Are equilibrium climate sensitivity and the associated radiative feedbacks a constant property of the climate system, or do they change with forcing magnitude and base climate? Using the radiative kernel technique, feedbacks and climate sensitivity are evaluated in a fully coupled general circulation model (GCM) for three successive doublings of carbon dioxide starting from present-day concentrations. Climate sensitivity increases by 23% between the first and third CO2 doublings. Increases in the positive water vapor and cloud feedbacks are partially balanced by a decrease in the positive surface albedo feedback and an increase in the negative lapse rate feedback. Feedbacks can be decomposed into a radiative flux change and a climate variable response to temperature change. The changes in water vapor and Planck feedbacks are due largely to changes in the radiative response with climate state. Higher concentrations of greenhouse gases and higher temperatures lead to more absorption and emission of longwave radiation. Changes in cloud feedbacks are dominated by the climate response to temperature change, while the lapse rate and albedo feedbacks combine elements of both. Simulations with a slab ocean model (SOM) version of the GCM are used to verify whether an SOM-GCM accurately reproduces the behavior of the fully coupled model. Although feedbacks differ in magnitude between model configurations (with differences as large as those between CO2 doublings for some feedbacks), changes in feedbacks between CO2 doublings are consistent in sign and magnitude in the SOM-GCM and the fully coupled model.
It has been suggested that climate sensitivity, Earth’s equilibrium surface temperature response to an external perturbation, is a constant property of the climate system that remains unchanged under different forcing magnitudes and types. Indeed, several previous model studies find little to no dependence of climate sensitivity on forcing (Chen and Ramaswamy 1996; Forster et al. 2000; Boer and Yu 2003; Hansen et al. 2005). More recent work exploring a broader range of forcing (Boer et al. 2005; Colman and McAvaney 2009, hereafter CM09) suggests trends in climate sensitivity as external perturbations increase. However, these trends are not consistent among the studies, with each using different models, forcing agents, and methodologies.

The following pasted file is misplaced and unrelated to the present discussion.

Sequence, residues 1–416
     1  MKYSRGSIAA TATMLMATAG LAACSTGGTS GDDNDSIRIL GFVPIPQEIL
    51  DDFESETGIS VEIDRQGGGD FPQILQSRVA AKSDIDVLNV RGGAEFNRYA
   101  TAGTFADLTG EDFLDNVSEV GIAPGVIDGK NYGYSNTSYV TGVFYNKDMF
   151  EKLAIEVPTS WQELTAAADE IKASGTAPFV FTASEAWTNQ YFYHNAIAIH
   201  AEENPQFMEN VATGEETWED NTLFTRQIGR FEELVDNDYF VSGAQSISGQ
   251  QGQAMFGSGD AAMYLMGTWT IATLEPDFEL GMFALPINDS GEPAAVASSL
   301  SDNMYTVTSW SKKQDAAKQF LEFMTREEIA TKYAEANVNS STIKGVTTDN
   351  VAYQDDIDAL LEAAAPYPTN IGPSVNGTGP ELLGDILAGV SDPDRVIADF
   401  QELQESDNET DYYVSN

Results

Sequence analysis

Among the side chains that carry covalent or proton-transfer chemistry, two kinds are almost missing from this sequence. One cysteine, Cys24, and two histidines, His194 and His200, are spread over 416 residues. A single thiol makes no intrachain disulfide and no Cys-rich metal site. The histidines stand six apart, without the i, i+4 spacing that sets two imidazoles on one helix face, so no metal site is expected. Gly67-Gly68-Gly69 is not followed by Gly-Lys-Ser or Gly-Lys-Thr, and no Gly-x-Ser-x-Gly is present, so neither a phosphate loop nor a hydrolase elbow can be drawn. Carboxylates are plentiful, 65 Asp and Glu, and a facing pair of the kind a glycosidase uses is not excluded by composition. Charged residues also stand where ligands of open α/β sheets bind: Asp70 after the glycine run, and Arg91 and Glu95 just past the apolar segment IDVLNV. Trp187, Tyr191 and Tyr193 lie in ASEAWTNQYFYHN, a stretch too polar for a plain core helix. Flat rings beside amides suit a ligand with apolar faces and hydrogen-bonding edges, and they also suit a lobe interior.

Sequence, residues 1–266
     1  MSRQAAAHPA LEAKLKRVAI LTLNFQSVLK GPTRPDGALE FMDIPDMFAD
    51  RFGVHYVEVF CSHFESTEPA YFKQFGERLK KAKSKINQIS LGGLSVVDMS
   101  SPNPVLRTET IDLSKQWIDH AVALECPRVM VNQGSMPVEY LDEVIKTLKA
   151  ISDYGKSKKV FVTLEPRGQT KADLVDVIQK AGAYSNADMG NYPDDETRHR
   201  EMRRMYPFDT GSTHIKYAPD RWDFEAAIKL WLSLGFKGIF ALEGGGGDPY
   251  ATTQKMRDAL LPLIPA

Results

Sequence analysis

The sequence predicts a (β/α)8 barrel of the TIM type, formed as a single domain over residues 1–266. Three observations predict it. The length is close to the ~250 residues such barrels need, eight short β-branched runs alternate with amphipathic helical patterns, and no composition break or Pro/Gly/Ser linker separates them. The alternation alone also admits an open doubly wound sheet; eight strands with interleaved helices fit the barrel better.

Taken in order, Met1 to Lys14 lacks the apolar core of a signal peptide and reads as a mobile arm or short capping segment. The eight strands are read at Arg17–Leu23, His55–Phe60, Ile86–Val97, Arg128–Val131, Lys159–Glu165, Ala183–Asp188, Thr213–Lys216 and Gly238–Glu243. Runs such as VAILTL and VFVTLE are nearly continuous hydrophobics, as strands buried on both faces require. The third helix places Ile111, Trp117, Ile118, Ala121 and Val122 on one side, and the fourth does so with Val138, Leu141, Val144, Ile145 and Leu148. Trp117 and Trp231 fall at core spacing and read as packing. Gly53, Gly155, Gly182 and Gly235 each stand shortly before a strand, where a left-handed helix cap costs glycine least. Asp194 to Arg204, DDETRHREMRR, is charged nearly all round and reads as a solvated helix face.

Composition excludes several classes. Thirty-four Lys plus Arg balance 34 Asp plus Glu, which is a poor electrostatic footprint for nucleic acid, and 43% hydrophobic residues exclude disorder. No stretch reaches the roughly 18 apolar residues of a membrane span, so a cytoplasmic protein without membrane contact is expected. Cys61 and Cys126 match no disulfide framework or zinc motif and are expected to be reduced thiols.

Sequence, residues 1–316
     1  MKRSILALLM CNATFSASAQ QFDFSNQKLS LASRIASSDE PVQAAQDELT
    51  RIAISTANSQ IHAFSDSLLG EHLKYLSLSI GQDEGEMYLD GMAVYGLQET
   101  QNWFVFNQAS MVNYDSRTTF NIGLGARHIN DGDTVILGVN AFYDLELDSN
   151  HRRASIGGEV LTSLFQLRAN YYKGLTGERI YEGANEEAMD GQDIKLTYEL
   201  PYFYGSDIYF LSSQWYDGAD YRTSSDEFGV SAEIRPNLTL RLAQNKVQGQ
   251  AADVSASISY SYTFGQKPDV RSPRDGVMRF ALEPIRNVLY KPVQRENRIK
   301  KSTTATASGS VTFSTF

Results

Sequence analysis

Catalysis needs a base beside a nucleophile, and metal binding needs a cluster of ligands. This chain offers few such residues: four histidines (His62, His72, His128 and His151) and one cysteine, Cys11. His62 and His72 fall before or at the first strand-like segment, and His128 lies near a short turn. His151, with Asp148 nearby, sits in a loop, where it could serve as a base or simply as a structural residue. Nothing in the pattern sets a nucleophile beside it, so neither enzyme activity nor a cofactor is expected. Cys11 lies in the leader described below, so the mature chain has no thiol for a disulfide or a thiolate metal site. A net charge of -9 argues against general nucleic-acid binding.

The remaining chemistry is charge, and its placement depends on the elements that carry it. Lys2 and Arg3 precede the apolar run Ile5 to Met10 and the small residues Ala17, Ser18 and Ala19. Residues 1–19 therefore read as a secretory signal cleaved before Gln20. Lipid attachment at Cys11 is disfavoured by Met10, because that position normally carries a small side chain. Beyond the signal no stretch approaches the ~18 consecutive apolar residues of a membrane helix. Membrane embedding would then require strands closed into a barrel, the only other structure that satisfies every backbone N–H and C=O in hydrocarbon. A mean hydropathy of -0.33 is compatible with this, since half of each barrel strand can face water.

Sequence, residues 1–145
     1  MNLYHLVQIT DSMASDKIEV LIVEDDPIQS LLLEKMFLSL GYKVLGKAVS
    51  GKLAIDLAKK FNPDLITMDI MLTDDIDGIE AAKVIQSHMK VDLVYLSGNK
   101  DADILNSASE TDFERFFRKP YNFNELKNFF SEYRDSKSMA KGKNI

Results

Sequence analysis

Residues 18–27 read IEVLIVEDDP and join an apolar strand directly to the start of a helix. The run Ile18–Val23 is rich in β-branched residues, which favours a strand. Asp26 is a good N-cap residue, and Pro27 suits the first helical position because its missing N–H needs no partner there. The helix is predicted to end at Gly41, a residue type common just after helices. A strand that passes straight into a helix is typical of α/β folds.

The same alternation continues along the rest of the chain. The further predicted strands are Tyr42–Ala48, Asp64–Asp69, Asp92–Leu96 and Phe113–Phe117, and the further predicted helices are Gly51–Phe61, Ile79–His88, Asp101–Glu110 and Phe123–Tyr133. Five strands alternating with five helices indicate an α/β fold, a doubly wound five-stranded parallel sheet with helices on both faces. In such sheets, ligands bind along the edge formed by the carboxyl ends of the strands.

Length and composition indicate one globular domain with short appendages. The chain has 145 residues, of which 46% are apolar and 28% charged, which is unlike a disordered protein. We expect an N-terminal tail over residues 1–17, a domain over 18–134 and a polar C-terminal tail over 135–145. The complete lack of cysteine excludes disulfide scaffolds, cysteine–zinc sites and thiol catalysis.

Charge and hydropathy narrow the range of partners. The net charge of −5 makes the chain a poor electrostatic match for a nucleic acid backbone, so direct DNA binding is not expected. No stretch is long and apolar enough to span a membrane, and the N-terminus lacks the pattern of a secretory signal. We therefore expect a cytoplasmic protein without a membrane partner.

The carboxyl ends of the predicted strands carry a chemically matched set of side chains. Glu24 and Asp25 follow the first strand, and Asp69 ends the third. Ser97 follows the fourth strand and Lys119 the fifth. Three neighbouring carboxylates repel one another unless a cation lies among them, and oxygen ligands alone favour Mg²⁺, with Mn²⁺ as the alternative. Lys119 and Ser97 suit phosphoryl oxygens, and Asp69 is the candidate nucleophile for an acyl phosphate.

CM09 use the partial radiative perturbation (PRP) method (Wetherald and Manabe 1988) to examine individual feedbacks in the Australian Bureau of Meteorological Research Centre (BMRC) atmospheric general circulation model (GCM) coupled to a mixed layer ocean model in response to CO2 forcing ranging from to 32 × present-day values. They find that while the radiative forcing increases with baseline CO2 amount, climate sensitivity decreases, and they identify a reduced albedo feedback as the main source of this decrease.
Boer et al. (2005) employ changes in solar constant as a forcing analog to CO2 changes to investigate the response of climate sensitivity in the National Center for Atmospheric Research (NCAR) Climate System Model (CSM) and detect an increase in climate sensitivity with increasing forcing for solar constant changes up to 25%. For larger changes, they observe a runaway effect associated with cloud changes and the shortwave (SW) cloud feedback in particular.
Both of these studies, like most work investigating the relationship between climate sensitivity and forcing, use atmospheric general circulation models (AGCMs) coupled to a slab ocean model (SOM). Simulations with this setup equilibrate quickly, even for very large perturbations. However, they do not permit the role of the ocean circulation to be taken into account explicitly. As pointed out by CM09, similar analyses with fully coupled models are required to confirm that SOMs can adequately represent ocean processes relevant to climate sensitivity.
Hansen et al. (2005) investigate the role of the ocean component of a coupled model by comparing climate sensitivity estimates obtained with the Goddard Institute for Space Studies (GISS) Model E coupled to several different ocean models. They obtain comparable estimates of climate sensitivity for three ocean models of different complexity. However, the dynamic model they use is somewhat simplified (Russell et al. 1995) and results for a fully dynamic model are not presented.
Danabasoglu and Gent (2009) compare equilibrium climate sensitivity in the fully coupled NCAR Community Climate System Model version 3 (CCSM3) to its slab ocean version for an instantaneous doubling of CO2 concentrations and find that sensitivities are comparable within an uncertainty range defined based on interannual variability. Here we extend their analysis by including simulations with larger forcing and by evaluating individual feedbacks in addition to climate sensitivity. We add two simulations forced with 4 and 8 times present-day CO2 concentrations. The range of forcing we are able to explore is limited compared to CM09, since the fully coupled model takes a much longer time to adjust to an imposed perturbation and therefore is much more costly to run.